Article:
A clinical study was recently conducted that reported on six Waldenstrom macroglobulinemia patients who were taking the BTK inhibitor ibrutinib and were subsequently diagnosed with COVID- 19. These six patients exhibited only mild COVID-19-related symptoms . In this study, five patients received 420 mg/d of ibrutinib and one patient received a reduced dose of 140 mg/d. Notably, the patients receiving the 420 mg/d did not require hospitalization and experienced steady improvement and resolution or near resolution of COVID-19–related symptoms during the follow-up . A second clinical study administered acalabrutinib off-label to 19 patients hospitalized with severe COVID-19 (11 on supplemental oxygen; eight on mechanical ventilation) . Following 10–14 days of treatment, acalabrutinib was found to improve oxygenation, demonstrated by the ability of eight of 11 patients in the supplemental oxygen cohort being discharged on room air, and four of eight patients in the mechanical ventilation cohort undergoing successfully extubation . Notably, IL-6 production by monocytes was increased in patients with severe COVID-19 compared to healthy volunteers. Taken together, these findings support the hypothesis that the release of pro-inflammatory cytokines by pulmonary macrophages in SARS-CoV-2 patients is a major contributor to pulmonary disease and that BTK inhibition with ibrutinib or acalabrutinib could provide some degree of protection against lung injury in this setting. Still, given the multiple factors that are produced during the course of severe SARS-CoV-2 infection, the blockade of multiple inflammatory pathways might be required to ameliorate the clinical picture of patients with severe pulmonary disease due to SARS-CoV-2. Similarly, the reversal of the pro-tumor actions of MDSC and TAM within the tumor microenvironment may require multiple interventions that target pro-inflammatory pathways. The utility of BTK inhibitors in treating COVID-19 is being investigated in several off-label clinical studies. These studies include the use of acalabrutinib co-administered with a proton pump inhibitor (NCT04497948), acalabrutinib together with best supportive care (NCT04380688, NCT04346199), ibrutinib in patients requiring hospitalization (NCT04439006) and a clinical study to evaluate the pathogenesis of BTK-mediated hyper-inflammatory responses (NCT04394884) in patients with COVID-19. It should be noted that definitive information is pending, and the off-label use of drugs for the treatment for COVID-19 is not recommended at this time.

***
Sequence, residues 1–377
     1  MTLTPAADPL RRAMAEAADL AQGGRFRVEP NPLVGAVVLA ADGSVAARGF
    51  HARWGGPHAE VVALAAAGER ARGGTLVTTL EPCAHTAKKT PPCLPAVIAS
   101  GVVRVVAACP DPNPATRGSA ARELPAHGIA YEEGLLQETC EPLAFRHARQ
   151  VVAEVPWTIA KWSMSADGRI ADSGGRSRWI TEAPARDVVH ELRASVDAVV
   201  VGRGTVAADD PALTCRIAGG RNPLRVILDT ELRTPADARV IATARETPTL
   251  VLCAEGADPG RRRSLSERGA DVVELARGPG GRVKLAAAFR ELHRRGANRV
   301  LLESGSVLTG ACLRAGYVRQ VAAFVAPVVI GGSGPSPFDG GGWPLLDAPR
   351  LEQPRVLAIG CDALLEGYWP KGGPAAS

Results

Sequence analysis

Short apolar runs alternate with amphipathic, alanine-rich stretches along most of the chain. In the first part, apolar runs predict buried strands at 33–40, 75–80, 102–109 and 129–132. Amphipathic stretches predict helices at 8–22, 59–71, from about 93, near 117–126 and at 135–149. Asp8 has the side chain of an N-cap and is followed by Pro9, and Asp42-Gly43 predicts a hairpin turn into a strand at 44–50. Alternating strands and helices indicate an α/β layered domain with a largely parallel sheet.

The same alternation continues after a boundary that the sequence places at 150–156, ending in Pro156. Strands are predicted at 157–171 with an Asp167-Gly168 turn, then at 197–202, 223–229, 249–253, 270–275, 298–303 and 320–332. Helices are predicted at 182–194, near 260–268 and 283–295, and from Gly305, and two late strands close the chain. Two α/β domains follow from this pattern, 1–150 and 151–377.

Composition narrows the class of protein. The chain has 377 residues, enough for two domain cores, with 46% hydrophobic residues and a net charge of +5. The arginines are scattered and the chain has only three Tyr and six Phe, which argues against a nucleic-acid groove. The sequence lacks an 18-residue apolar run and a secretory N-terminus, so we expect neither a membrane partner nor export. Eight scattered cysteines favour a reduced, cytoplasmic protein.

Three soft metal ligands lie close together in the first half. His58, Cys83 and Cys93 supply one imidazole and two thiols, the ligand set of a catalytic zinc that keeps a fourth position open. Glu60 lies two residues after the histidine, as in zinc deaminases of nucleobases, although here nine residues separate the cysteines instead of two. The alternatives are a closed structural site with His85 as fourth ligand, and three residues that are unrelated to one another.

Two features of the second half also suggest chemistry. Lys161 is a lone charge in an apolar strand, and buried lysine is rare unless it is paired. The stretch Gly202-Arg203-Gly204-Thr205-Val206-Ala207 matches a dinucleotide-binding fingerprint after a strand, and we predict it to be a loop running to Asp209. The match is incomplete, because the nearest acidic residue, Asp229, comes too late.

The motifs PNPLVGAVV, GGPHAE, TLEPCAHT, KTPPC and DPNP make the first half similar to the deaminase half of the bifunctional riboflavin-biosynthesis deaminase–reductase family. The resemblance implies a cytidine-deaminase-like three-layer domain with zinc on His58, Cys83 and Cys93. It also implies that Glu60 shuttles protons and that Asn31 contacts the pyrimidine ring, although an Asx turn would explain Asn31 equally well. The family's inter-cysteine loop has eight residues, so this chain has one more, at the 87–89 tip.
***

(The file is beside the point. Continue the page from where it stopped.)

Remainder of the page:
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This work was supported by National Institutes of Health Grants P01CA95426, K24 CA93670 (W.E. Carson) and T32CA90338-27 (W.E. Carson).
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Benner, B., Carson, W.E. Observations on the use of Bruton’s tyrosine kinase inhibitors in SAR-CoV-2 and cancer. J Hematol Oncol 14, 15 (2021). https://doi.org/10.1186/s13045-020-00999-8
- Bruton’s tyrosine kinase